It’s official, you’ve landed your first engineering job! Your contract is signed, your start date has been agreed, and as the big day approaches, you’re fizzing with excitement and nerves. There are so many milestones ahead (hello, first payday), you have so much to learn, and you want to start off on the right foot.
Many graduates find starting their first job a little overwhelming. There’s a new building to navigate, colleagues to build rapport with and a sudden influx of information to get your head around. However, taking a few steps to prepare yourself in advance can help ease some of the anxiety around your first few days and give you the confidence to tackle your new challenge.
Read on, as we share some tips for starting your first engineering job.
Get your tools and equipment in advance
You’re more likely to feel confident going into your first job if you have your tools and equipment ready to go. Investing in good quality equipment will ensure your kit lasts a good length of time and will save you money in the long run.
Remember to pick up safety equipment such as safety glasses to protect you and PAT tester accessories to ensure any safety tests you run are carried out accurately.
Ask for help
When you encounter an issue that you don’t know how to handle, the easiest way to resolve it is by asking your colleagues for advice. You may feel awkward at first, but it’s important to remember that learning on the job is part of every junior engineer’s journey and should be viewed as time well spent.
Take the opportunity to ask questions, make notes and learn new skills to support your role. Keep in mind that every one of your colleagues has been in your shoes, so no one will judge you for not knowing something or asking for help.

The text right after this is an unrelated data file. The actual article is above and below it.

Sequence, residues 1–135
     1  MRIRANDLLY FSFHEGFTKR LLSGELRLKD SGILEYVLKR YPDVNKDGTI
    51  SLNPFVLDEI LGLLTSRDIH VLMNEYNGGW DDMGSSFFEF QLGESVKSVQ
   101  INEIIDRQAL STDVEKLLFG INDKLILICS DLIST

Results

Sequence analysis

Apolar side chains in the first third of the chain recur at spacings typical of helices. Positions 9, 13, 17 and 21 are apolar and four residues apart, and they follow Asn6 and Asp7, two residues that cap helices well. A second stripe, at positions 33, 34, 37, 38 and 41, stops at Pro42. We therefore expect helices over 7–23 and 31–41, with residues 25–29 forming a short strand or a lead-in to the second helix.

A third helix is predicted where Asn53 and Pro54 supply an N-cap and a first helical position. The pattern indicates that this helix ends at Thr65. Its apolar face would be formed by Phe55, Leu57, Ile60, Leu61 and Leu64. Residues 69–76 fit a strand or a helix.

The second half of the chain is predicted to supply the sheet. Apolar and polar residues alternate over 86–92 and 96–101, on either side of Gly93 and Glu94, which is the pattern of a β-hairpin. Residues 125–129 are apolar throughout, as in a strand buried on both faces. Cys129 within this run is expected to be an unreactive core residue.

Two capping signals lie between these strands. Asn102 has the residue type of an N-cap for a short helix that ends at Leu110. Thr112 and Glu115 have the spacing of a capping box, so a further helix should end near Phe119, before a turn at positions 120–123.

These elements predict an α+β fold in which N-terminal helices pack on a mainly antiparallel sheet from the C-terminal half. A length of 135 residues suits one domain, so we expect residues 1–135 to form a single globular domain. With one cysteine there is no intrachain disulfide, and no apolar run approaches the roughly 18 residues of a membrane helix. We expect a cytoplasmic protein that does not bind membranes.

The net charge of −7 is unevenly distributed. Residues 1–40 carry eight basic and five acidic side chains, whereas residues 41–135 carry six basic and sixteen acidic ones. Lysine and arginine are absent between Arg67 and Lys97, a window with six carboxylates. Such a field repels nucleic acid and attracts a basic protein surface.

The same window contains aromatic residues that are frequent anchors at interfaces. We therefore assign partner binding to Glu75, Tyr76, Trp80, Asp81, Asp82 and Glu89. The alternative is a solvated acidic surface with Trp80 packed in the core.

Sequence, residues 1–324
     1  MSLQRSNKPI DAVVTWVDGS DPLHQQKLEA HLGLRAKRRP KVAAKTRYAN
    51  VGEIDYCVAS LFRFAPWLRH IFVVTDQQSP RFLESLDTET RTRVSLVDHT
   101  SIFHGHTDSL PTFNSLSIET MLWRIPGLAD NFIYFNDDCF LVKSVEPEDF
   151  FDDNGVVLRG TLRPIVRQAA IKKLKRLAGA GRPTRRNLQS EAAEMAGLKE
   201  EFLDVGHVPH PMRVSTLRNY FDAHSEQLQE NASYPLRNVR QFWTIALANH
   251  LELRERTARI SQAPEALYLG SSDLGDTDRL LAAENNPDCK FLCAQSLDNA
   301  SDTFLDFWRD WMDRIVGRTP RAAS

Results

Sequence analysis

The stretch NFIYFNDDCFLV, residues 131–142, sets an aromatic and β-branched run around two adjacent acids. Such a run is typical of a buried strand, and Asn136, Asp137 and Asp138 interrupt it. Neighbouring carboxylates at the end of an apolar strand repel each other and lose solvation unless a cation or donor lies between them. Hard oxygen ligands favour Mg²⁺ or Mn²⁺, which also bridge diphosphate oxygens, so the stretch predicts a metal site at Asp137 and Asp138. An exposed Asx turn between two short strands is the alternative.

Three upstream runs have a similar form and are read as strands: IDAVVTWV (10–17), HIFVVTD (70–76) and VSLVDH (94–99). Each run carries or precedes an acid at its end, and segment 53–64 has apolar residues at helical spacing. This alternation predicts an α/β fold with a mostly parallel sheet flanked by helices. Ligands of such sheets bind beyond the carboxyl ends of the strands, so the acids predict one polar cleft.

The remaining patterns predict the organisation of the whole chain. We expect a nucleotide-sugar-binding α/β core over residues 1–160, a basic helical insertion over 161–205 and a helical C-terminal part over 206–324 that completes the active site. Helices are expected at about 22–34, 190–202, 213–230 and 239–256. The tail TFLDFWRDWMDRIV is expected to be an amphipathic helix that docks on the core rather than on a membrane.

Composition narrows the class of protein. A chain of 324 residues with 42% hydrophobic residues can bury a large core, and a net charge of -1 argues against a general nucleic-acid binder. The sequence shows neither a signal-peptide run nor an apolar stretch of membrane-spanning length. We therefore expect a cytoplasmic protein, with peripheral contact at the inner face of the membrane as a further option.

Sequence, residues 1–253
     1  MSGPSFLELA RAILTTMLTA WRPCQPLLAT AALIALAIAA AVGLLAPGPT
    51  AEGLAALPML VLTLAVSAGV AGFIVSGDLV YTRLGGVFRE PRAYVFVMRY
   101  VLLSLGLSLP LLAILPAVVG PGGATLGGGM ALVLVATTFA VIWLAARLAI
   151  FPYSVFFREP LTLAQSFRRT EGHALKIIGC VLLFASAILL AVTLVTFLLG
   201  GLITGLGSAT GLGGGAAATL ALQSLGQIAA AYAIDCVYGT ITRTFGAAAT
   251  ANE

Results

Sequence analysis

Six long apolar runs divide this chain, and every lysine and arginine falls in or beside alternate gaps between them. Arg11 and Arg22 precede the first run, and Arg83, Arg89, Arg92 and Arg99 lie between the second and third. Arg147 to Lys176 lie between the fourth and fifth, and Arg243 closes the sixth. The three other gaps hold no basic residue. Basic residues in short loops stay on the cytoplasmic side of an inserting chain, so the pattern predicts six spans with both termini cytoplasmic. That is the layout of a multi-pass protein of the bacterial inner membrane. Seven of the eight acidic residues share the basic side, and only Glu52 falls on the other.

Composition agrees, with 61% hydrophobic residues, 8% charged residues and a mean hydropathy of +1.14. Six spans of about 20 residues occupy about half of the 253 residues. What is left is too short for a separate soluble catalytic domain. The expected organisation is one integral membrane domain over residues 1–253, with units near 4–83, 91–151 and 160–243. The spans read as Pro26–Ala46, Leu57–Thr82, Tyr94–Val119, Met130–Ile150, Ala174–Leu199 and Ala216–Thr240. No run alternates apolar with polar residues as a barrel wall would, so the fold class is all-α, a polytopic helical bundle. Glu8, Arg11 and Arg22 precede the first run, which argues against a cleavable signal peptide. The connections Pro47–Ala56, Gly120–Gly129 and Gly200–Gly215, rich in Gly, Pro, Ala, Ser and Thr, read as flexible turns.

Communicate your needs
The best way to get the most out of your first engineering role is to be honest and upfront about your needs. For example, if you think you could work more efficiently with a different type of software, let your manager know. Keeping quiet about something you need won’t serve you well, and it could cause problems for your employer too.
Being open with your manager will also help you build a good working relationship with them, which will make you feel more comfortable in your role and may be beneficial in the future as your career progresses.
Learn software programs
Different companies use different software programs, and it’s likely you won’t have learnt how to navigate engineering software at school. Find out which programs your company uses and spend some time getting to grips with these.
Not only will this give you a head-start when you begin your new role but having a range of software experience will also make you more employable in the future, particularly given the tech skills shortage.
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